HR: “A Hooligans’ Game Played by Gentlemen.” (and Women)

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September 3, 2013

A few weeks ago, I saw a tweet from Charlie Judy (@hrfishbowl) and he was looking for some non-blogging HR practitioners to guest post on his blog.  That tweet ultimately resulted in a guest post by Robin Schooling that really impressed me.  I’ve followed Robin on Twitter for quite a while and I knew immediately that I wanted to open my arms to her guest posting on HR Ringleader.  Today is our lucky day because Robin has agreed.

Robin Schooling, SPHR, is VP of Human Resources with a statewide organization in Louisiana and has over 20 years HR management experience in various industries including health care, banking and manufacturing. Robin is a Past President of the Greater Baton Rouge SHRM chapter and serves as Professional Development Coordinator on the Louisiana SHRM State Council and as VP Membership with ASTD Baton Rouge. She is a board member of the Louisiana Business Leadership Network (LBLN) a non-profit network of businesses which values persons with disabilities as customers and employees.

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On many Saturdays throughout the year, I am either attending or watching a rugby match.  Rugby is a worldwide game, although nowhere near as popular in the US as it is in other parts of the world.  My husband, being from South Africa, grew up playing the game and even as an adult he continues by coaching a local team.  It has always been part of his life.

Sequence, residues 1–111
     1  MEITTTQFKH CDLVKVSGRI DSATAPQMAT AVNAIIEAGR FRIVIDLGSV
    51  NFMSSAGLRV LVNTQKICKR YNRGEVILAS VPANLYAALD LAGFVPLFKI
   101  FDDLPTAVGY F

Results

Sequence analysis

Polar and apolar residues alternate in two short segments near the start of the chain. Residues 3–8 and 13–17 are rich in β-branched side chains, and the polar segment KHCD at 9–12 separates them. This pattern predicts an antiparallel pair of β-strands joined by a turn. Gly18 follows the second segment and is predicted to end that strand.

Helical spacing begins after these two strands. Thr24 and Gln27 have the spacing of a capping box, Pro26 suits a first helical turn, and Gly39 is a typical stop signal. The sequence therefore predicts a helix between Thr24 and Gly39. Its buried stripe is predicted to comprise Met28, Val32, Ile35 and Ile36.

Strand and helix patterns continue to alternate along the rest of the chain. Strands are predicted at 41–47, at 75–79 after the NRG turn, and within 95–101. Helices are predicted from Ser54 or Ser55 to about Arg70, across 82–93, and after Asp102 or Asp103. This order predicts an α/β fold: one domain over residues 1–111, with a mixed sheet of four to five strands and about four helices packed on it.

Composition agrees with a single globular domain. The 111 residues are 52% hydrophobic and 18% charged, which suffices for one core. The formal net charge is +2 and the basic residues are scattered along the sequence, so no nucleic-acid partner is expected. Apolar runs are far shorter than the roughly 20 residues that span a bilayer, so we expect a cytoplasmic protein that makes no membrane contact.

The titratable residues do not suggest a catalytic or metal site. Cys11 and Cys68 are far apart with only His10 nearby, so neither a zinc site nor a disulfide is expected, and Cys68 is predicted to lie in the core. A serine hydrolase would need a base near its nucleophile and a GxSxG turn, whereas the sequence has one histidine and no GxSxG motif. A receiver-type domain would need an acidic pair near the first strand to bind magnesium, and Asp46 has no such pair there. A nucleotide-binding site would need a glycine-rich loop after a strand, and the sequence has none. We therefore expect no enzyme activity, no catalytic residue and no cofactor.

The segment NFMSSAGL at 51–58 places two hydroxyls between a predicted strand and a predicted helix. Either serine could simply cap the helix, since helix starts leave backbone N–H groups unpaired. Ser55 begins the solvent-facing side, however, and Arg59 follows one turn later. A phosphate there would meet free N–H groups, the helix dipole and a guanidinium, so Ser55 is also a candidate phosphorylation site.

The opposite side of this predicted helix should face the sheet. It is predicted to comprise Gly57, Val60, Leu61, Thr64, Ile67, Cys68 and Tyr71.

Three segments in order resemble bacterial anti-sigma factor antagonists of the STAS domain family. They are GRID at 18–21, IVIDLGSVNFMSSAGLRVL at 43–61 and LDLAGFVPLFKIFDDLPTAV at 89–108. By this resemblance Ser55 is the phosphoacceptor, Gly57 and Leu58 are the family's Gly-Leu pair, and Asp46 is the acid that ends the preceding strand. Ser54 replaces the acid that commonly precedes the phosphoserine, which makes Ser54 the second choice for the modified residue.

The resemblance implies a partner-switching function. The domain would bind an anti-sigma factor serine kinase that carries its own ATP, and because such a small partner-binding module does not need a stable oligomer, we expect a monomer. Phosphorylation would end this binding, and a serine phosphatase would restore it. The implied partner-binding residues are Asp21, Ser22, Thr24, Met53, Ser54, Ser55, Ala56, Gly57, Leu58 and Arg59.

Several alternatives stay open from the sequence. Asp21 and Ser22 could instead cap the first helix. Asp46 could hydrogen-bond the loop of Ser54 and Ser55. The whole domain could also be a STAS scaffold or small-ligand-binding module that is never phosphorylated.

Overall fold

As an American, however, I have had to learn the game primarily by watching and asking a LOT of questions.  There are about 45 referee signals alone; the only one I always remember is the one for “bleeding wound” (don’t ask).

And while there are many awesome things I enjoy about the sport, there are some key attributes of rugby that have always struck me as being closely related to our world of HR:

Rugby has “laws,” not rules